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Kirigami Cools Electronics

Work from scientists in Japan may enable small, flexible electronic devices to operate without overheating 

Osaka University
Schematic diagram of the powder EL device that emits light at low temperatures through heat dissipation by kirigami and air convection.
Kojiro Uetani et al., NPG Asia Materials

OSAKA, JAPAN — Scientists from SANKEN (The Institute of Scientific and Industrial Research) at Osaka University, Oita National College of Technology, and Tokyo Polytechnic University demonstrated enhanced passive convective cooling using cellulose nanofiber films designed based on kirigami, a traditional paper design form similar to origami. The difference when compared with origami is that, in addition to folding, kirigami involved cutting the paper as well. This work may enable small, flexible electronic devices to operate without overheating.

As computer manufacturers attempt to pack even more transistors into their miniaturized microchips, the problem of removing waste heat becomes increasingly pressing. Conventional passive cooling systems that use convective air flow around metal heat sinks are often bulky and rigid. However, many small wearable electronics may soon require cheaper, more flexible heat-dissipation methods.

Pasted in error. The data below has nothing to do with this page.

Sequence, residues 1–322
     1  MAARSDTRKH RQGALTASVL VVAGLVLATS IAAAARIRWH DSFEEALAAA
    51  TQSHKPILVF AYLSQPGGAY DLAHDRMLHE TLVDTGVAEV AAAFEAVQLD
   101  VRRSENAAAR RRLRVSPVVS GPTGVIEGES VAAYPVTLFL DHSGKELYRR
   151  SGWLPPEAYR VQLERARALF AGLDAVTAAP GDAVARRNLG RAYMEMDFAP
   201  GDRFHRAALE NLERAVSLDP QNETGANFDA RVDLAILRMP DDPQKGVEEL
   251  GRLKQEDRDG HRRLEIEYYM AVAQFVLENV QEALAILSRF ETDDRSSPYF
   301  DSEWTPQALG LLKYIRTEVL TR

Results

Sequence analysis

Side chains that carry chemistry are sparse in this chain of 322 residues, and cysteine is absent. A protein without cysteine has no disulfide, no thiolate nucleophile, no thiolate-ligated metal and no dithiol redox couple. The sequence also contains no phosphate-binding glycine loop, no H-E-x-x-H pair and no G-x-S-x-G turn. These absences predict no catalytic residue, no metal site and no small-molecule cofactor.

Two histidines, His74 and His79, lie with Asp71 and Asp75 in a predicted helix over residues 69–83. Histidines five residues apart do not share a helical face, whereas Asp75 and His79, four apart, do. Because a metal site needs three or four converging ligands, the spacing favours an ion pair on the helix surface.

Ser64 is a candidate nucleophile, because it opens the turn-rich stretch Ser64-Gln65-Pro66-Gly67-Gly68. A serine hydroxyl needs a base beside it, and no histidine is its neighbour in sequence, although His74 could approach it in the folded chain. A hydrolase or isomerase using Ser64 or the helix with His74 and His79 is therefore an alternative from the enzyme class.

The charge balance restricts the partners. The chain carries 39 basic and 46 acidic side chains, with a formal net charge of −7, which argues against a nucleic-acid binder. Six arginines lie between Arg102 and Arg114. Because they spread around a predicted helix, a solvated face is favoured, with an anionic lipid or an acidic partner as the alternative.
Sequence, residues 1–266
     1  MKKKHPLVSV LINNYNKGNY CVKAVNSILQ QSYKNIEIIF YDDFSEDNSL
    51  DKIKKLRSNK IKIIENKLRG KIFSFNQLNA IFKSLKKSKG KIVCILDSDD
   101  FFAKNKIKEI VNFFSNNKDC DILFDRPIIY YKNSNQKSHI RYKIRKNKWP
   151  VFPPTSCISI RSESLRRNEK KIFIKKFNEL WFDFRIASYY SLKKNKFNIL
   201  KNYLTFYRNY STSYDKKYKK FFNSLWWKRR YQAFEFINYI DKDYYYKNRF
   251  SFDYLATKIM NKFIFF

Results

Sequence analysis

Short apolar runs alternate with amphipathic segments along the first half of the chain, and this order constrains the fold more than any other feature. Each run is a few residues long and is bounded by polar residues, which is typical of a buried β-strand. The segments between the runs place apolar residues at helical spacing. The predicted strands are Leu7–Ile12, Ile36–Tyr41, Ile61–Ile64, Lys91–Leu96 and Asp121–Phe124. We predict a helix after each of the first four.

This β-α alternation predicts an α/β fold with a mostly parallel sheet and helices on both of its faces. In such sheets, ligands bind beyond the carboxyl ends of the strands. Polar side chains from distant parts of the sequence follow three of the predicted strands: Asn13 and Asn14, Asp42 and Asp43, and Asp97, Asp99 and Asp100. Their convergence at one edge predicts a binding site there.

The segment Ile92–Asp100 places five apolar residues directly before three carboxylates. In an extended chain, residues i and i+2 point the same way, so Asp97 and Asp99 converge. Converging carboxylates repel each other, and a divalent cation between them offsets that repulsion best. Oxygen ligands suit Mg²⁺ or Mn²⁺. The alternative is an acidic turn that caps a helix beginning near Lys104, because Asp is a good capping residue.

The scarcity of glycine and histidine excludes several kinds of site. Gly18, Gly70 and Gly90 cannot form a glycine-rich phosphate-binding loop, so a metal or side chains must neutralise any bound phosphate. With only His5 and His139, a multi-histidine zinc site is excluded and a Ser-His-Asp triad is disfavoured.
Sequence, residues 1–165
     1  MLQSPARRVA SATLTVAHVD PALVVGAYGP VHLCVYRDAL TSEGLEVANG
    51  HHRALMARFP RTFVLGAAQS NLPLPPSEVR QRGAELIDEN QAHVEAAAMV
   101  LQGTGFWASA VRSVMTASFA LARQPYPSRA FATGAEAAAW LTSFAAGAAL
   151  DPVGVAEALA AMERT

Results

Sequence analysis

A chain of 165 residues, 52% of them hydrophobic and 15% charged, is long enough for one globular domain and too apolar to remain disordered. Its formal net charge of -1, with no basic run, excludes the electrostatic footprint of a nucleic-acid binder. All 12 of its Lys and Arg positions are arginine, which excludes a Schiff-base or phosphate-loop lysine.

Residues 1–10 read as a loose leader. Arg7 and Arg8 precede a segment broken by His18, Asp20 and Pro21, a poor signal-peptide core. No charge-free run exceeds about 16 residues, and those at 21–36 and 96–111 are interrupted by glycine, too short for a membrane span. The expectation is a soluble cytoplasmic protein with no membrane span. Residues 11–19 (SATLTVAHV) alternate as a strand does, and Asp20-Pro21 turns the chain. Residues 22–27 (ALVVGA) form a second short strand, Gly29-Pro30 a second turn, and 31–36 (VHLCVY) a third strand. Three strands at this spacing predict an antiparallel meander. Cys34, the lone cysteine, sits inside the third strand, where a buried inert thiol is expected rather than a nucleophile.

Now, a team of researchers led by Osaka University found that processed cellulose nanofiber films cut in the style of kirigami can dramatically improve cooling functionality. By stretching a simple kirigami “net decoration,” pattern called amikazari, the cuts in the film can open into wide holes that allow air to flow through them. These kirigami films have better cooling properties than uncut films by default but applying air flow to them dramatically improves the cooling ability. Using laser-cut films based on traditional designs, the team performed a heat-dissipation test with irradiated light on a graphite-blackened area and observed a dramatic difference in the maximum temperature between the kirigami film and the uncut film under air flow. “We also developed ‘cool’ light sources by creating powder electroluminescent devices, which are normally prone to overheating, on top of the cellulose nanofiber films,” lead author Kojiro Uetani says.

The resulting thermal resistance was reduced to about one-fifth of what it was without the kirigami system. “The kirigami heat-dissipation concept enables new thermal designs using various film materials as heat-dissipation components and is expected to inspire a wide range of new cooling devices and methods for use in next generation electronics,” senior author Masaya Nogi says. In particular, this research may help in the development of the next generation of wearable devices, as these raise difficult challenges for the bulkiness and inflexibility of current cooling materials.

- This press release was provided by Osaka University